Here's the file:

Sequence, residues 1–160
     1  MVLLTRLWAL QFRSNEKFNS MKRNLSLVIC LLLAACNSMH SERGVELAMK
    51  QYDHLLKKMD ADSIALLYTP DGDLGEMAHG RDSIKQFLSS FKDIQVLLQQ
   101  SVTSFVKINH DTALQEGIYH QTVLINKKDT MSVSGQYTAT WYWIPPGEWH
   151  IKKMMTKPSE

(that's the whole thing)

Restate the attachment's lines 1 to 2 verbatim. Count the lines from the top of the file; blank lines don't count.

Sequence, residues 1–160
     1  MVLLTRLWAL QFRSNEKFNS MKRNLSLVIC LLLAACNSMH SERGVELAMK